Nine Smart Strategies To Make Your Sales Pitch More Engaging

Love them or hate them, pitches are essential components of the sales process. But it’s not enough to have a simple slide deck and a few talking points. Your sales team needs an engaging presentation that truly showcases the value of your company’s product or service.

Luckily, there are multiple ways professionals can optimize their sales pitches to close the deal. To help, nine members of Young Entrepreneur Council offer their best tips for developing a presentation that will help you land the sale.

1. Focus On Customer Needs

Laser focus on the customer’s needs! This almost always entails relevant, open-ended questions so you can find out what selling characteristics will resonate with the client rather than randomly reaching your bag of unique selling propositions (USPs) and hoping they’ll like one of them. People only spend money to solve a problem. Focus on discovering what the specific pain points are for your client and tailor your USPs to emphasize how you can help them solve their problem. – Shane Levinson, Carpets of Arizona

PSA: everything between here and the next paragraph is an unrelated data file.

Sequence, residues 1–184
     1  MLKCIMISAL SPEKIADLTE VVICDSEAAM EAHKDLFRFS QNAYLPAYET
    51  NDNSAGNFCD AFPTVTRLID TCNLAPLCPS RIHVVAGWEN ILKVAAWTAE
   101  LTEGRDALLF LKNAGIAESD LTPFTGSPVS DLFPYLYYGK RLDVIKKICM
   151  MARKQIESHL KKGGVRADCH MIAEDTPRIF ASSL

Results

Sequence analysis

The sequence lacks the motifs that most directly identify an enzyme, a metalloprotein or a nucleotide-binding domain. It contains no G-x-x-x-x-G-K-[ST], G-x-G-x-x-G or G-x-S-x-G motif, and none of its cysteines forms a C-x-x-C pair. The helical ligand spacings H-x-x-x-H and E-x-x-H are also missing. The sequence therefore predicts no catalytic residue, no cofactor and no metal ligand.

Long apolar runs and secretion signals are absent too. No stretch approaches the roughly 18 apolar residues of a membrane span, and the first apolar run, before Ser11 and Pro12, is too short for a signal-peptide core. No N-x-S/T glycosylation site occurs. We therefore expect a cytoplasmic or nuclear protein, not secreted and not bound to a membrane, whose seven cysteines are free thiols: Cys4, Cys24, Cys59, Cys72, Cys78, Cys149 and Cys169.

2. Tell A Powerful Story

I have found that the most successful sales pitches and presentations are mainly stories. I try to present a story to humanize our company and our likability. Of course, you don’t want to ramble, so make sure you include the reason why your product and your company exist. Offer personal tips that will connect your audience to you and your company. – Shu Saito, Fact Retriever

3. Capture Attention Through Emotions

Successful sales pitches are just successful stories that your audience relates to. You have to capture their attention through their emotions, whether it be outrage, awe or empathy. Appeal to the human side of their natures, and keep coming back to that theme throughout your presentation. Numbers are forgettable, but people will always remember how you made them feel. – Ashley Sharp, Dwell with Dignity

4. Incorporate Personalized Solutions